Cliffedale is a Rights Respecting School
Cliffedale Primary School is a Rights Respecting School. We believe in the rights of all children. In 1989 governments around the world promised all children the same rights by adopting the United Nations Convention on the Rights of the Child. Every child and young person in the world has these rights, no matter whom they are or where they live. Being a Rights Respecting School, we believe, helps our pupils become confident, caring and responsible young people both in school and in the wider world. By learning about their rights, our pupils also explore how they need to respect these rights and stand up for the rights of all children in the world as global citizens.
What is the Rights Respecting Schools Award (RRSA)?
The award recognises achievement in putting the UN Convention on the Right of the Child (UNCRC) at the heart of a school’s practice to improve well-being and help all children and young people realise their potential.
The award is based on principles of equality, dignity, respect, non-discrimination and participation. The initiative started in 2006 and schools involved in the Award have reported a positive impact on relationships and well-being, leading to better learning and behaviour, improved academic standards and less bullying
You have introduced the RRSA Three Strands into your school community
Your school’s senior leadership team (SLT) understands what is involved in the Award and is committed to embarking on the Unicef UK rights respecting journey
The right foundations are in place for your school’s journey to the second stage of the Award, Silver: Rights Aware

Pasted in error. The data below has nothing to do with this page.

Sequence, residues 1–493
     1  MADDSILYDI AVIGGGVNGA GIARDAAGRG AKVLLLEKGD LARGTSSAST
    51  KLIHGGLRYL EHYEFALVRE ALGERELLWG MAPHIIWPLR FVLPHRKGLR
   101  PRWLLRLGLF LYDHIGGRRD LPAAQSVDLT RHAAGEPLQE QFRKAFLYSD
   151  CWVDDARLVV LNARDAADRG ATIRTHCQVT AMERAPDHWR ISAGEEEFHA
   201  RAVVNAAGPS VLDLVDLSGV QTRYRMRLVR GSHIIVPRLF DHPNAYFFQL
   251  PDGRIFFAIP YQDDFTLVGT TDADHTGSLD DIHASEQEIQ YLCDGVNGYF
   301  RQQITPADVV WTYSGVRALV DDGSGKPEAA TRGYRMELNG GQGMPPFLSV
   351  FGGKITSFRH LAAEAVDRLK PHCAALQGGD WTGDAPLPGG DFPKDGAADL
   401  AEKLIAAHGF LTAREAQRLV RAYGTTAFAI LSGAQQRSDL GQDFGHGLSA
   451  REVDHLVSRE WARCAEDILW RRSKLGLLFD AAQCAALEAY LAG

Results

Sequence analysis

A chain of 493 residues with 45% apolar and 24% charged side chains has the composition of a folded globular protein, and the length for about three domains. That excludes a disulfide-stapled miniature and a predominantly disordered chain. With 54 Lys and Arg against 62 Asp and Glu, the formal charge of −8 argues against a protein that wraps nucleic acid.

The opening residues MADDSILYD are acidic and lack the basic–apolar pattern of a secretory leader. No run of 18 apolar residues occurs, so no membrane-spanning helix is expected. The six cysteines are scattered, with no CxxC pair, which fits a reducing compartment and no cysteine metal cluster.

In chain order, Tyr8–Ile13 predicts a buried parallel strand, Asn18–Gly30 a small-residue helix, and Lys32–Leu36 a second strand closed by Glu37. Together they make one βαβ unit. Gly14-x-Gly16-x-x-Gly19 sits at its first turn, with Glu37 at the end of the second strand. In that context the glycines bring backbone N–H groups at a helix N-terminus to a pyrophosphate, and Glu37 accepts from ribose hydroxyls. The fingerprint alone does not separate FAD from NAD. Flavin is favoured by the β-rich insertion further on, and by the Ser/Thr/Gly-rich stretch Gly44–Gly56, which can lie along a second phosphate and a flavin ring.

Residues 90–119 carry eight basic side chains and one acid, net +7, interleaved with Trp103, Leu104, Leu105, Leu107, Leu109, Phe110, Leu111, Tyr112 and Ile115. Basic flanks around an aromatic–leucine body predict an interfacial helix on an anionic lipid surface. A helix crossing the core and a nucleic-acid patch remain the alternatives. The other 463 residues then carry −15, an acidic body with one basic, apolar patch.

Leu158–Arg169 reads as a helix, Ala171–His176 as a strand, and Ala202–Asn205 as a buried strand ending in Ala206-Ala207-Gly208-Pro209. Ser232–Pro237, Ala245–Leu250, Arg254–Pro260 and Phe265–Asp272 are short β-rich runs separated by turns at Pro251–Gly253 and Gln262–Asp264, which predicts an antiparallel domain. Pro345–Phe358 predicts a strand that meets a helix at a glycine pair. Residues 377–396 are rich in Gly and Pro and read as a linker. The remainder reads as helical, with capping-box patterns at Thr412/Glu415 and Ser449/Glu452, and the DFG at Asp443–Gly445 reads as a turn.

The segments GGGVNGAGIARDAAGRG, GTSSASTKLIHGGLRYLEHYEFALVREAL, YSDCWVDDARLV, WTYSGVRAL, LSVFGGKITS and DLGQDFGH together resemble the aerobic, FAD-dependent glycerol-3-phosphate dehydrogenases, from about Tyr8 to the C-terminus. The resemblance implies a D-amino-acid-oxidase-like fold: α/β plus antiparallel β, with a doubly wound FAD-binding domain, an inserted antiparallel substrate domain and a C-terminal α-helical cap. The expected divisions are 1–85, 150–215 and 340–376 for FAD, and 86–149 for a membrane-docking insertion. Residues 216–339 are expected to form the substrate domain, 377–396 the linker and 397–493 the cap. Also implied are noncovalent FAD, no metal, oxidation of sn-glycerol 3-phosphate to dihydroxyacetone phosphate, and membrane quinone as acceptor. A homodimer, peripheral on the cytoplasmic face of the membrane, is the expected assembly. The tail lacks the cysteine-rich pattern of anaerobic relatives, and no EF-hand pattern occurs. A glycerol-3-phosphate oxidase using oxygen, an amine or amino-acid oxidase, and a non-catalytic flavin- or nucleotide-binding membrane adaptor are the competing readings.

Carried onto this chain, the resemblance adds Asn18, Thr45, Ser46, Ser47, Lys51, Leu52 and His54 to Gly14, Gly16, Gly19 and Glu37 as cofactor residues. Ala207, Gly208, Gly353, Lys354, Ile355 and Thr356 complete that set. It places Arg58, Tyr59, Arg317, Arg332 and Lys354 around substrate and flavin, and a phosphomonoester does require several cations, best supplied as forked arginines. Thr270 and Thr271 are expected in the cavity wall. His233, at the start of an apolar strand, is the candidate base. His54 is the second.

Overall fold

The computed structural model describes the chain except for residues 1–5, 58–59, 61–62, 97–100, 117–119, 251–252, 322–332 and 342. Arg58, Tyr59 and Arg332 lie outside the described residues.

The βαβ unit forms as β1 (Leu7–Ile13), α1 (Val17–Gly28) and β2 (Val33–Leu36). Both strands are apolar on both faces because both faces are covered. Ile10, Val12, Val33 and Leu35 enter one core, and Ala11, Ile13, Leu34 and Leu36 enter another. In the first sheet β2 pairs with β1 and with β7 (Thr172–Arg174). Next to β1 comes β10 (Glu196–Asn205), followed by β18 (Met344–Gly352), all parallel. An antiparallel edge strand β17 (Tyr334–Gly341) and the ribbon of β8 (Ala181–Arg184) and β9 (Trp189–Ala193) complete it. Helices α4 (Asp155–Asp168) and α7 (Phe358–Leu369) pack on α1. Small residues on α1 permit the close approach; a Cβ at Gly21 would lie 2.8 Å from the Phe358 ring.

Our ultimate goal is to see children’s rights as an embedded part of the education system. This is an ambitious long-term goal, and to reach it we must evolve as a programme, building on the good practice we already see in schools.
Building a rights-based community
Being a Rights Respecting School is about more than just ‘doing the Award’. It’s about becoming a rights-based community in which children are valued and are able to thrive. In order to achieve this we need every school to make progress through the programme.
Our Rights Respecting Steering group includes two members of staff, one governor and a group of pupils. We have worked together to select the 10 rights we, as a whole school will focus on this year.
Article 2 The convention applies to everyone: whatever their race, religion or abilities, whatever they think or say, whatever type of family they come from.
Article 3 The best interests of the child must be a top priority in all things that affect children.
Article 12 Every child has the right to have a say in all matters affecting them, and to have their views taken seriously.
Article 14 Every child has the right to think and believe what they want and to practice their religion, as long as they are not stopping other people from enjoying their rights. Governments must respect the parents to give their children information about this right.
Article 15 Every child has the right to meet with other children and to join groups and organisations, as long as this does not stop other people from enjoying their right.
Article 24 Every child has the right to the best possible health. Governments must work to provide good quality health care, clean water, nutritious food and a clean environment so that children can stay healthy. Richer countries must help poorer countries to achieve this.
Article 28 Every child has the right to an education. Primary education must be free. Secondary education must be available for every child. Discipline in schools must respect children’s dignity. Richer countries must help poorer countries to achieve this.
Article 30 Every child has the right to learn and use the language, customs and religion of their family, regardless of whether these are shared by the majority if the people in the country where they live.
Article 31 Every child have the right to relax, play and take part in a wide range of cultural and artistic activities.